johnstonmr: (Default)
I've been looking for my father for years, and giving it signifigant effort since 1995.

I've always known that the odds of recreating a father-son bond with him were pretty much nonexistant, and I knew it was likely he'd be homeless, or at best, poor. I didn't care. My dream was to Know -- why he and my mother divorced, why he went to prison, why he never tried to contact me (the one thing my maternal family can agree on is that he loved me very much). I know I have an uncle, and I wondered if maybe I had brothers, sisters, cousins, I didn't know about. I dreamed of finding a family that, if I couldn't join, I could at least get to know.

All of that ended today. Robert Eugene Johnston, born 26 November 1949 in Kansas City, Missouri, died on 7 December 1993 in San Francisco, California.

Gods damn it to hell.

There's still more to learn, of course -- my Uncle is probably out there somewhere, and I'll keep looking for him, and I'll be looking for information about my father's life before he died, of course... but it's over. He's gone, and I can never know him, now. All I have left are two old photo albums, one of which is nothing but pictures out of context.

You know... I have blood family that I care for. My little cousins who call me their brother, my maternal half-sister and her daughter, my aunt, my grandfather, lots of cousins and other distant relatives... but I suddenly feel very alone. I've had two sets of parents, natural and adopted, and both are now gone. I feel like I'm all that is left, even though I know otherwise.

Damn it.
johnstonmr: (Default)
It's a terrible thing, to watch someone you love die.

I watched my (adopted) mother die. Not swiftly, and not nearly as much as my brother and sister did -- I'd been kicked out some years before, and no longer lived with them -- but I saw it happen, over the course of years, as the woman I'd known and disliked for so long became a pathetic shell of a human being. When I saw her in her last year of life, she rarely knew who I was. She talked to dogs who'd died a decade before I'd been born, or her father, or sometimes even her ex-husbands. But she never knew me.
And the last time I saw her, she thought I was her dead first son, Ronnie. And I didn't have the heart to tell her otherwise.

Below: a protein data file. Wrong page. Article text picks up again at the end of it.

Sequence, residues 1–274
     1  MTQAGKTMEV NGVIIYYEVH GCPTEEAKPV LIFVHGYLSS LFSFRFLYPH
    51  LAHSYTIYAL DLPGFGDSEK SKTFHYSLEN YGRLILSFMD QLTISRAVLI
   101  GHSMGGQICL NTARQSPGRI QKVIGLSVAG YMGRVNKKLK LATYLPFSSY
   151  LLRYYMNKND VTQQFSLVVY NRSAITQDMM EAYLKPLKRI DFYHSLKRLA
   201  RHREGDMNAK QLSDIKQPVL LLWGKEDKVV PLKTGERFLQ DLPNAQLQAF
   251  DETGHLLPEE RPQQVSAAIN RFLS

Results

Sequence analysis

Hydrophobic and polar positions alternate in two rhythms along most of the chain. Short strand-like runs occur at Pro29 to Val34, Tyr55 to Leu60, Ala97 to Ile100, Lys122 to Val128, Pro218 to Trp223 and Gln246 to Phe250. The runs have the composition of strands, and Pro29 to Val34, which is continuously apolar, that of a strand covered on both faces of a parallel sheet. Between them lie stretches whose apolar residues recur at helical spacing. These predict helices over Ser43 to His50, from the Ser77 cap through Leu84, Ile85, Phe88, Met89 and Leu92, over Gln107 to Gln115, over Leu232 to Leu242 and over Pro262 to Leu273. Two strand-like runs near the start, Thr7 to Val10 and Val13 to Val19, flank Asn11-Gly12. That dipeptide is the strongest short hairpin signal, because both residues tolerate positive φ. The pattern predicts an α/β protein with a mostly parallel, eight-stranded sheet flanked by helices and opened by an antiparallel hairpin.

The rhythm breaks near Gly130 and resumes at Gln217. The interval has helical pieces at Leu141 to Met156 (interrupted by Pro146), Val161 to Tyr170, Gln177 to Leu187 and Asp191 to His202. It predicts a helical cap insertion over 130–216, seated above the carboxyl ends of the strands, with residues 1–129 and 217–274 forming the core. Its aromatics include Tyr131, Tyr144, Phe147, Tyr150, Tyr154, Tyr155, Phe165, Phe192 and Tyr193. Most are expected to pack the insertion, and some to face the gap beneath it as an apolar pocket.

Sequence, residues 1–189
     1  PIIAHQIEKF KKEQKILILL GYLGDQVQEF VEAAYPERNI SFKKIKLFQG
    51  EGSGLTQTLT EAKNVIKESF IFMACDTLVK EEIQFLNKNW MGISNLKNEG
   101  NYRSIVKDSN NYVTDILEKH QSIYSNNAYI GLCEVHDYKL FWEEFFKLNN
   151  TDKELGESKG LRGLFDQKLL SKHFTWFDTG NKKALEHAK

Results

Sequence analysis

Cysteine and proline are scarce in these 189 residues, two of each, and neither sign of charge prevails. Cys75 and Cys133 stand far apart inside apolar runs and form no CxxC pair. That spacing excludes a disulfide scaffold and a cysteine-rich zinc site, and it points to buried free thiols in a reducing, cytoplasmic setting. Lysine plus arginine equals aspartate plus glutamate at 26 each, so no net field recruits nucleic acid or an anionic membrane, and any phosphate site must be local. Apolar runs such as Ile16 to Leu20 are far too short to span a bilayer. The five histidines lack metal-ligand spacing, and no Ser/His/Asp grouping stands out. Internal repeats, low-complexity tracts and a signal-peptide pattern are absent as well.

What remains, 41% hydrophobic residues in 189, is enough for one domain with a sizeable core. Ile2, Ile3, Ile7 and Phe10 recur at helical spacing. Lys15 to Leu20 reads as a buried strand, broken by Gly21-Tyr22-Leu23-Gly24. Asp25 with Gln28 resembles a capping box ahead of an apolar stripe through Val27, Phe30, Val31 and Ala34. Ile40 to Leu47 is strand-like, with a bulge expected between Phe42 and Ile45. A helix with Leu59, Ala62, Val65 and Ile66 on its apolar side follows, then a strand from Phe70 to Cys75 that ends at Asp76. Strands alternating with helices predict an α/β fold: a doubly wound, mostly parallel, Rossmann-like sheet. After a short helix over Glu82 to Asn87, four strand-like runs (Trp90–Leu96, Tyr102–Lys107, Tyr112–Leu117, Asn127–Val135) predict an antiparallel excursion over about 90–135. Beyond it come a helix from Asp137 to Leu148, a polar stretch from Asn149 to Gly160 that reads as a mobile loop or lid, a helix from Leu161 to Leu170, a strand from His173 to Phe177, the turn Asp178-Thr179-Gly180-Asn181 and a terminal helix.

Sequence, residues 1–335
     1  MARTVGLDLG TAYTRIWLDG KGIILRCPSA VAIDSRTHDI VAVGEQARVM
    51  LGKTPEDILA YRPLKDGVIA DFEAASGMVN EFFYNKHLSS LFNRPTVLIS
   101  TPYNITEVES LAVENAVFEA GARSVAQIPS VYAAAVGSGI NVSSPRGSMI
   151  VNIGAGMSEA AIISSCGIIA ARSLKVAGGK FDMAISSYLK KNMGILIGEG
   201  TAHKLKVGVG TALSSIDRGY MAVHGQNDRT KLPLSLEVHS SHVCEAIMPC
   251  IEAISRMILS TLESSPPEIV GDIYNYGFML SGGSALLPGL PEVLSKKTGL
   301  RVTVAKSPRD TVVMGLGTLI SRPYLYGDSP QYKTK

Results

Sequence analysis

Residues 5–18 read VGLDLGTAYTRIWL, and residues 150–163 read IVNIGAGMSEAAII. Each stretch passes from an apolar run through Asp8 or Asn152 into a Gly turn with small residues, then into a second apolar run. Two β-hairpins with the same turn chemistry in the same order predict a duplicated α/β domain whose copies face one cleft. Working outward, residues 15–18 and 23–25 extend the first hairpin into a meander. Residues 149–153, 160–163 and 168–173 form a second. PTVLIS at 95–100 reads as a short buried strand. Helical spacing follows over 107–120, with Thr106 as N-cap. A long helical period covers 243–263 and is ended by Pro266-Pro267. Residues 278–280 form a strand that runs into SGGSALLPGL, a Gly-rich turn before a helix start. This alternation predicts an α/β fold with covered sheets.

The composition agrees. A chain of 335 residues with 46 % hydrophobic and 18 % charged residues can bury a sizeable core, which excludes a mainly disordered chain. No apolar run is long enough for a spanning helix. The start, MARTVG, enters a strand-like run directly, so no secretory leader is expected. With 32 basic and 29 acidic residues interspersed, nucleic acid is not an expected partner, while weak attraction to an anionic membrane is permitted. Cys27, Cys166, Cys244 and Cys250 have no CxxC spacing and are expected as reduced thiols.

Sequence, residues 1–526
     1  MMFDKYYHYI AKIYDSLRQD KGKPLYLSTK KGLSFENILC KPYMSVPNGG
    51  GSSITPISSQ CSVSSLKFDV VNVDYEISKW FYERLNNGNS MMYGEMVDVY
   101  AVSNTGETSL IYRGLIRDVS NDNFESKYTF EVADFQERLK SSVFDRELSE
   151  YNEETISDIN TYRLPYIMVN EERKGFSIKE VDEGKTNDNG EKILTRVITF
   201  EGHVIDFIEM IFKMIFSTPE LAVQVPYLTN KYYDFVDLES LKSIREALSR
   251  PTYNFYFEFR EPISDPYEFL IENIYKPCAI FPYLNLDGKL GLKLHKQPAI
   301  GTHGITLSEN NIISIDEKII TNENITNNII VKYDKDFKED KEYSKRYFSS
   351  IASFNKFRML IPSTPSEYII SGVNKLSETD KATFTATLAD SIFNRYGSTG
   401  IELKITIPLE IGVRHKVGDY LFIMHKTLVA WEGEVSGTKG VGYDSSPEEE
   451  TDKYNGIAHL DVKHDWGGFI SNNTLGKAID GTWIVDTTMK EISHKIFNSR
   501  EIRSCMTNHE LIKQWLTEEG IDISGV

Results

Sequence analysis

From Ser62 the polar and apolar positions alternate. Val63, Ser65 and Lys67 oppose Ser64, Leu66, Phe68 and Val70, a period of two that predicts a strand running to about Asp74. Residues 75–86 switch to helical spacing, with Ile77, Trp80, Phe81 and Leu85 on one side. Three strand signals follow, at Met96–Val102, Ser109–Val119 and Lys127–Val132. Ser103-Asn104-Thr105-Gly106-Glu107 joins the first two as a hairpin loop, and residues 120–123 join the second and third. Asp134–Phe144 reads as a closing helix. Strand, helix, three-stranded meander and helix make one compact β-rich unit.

Ronnie, you see, died a few years before I was born, victim of a surgical accident. I was adopted some eight years later, and I grew up with the spectre of Ronnie in my life. Whenever I did something she didn't like, she'd say that "Ronnie wouldn't have done that."

Anyway, the last time I went to see her, I swallowed all the years of bitterness I felt towards her, and the anger at what she'd done to us. And I swallowed, too, the pride and dignity of an 18-year old who doesn't want to talk like a kid. "Mommie?" I said, sitting down on the bed.

"Ronnie?" she asked, turning to me, delight on her face, her eyes closed as they always were, now that she couldn't wear her false eyes anymore. And all the anger and hurt just didn't matter anymore. In a blinding moment of clarity, I knew I couldn't let the history of our life together -- the beatings, the emotional and mental abuse -- affect how I handled this. This was a chance to do something Good, for the sake of doing it. So I glanced at the door, and said "Yes, mommie. It's Ronnie."

"I'm so glad you came, honey. I love you so much." And she began to tell me, in the rambling way that only a woman whose mind is mostly gone can do, all sorts of stories of a life Ronnie had never lived. Most of the stories she remembered were things that had really happened with me, and the tears began to fall from my face as she told how she'd lost her eyes, and how wonderful it was that "Ronnie" had read to her for so many years, had been her eyes. There was more, which I'll leave unspoken.

At the end of it, she asked me if she'd been a good mother. I didn't even hesitate. I leaned down, kissed her cheek, and said "You were a perfect mother."

I've always hated myself for doing that. I've always wished I'd said something else. Something more truthful. But now, I look at that night, as the anniversary of her death approaches, and I realise I did something good. I enabled her to die peacefully, not thinking her son hated her.

But I also remember when, after all this, I asked her "What about Michael? Is he a good son?" And she replied "I don't have a son named Michael."

And people wonder why I'm so fucked up.


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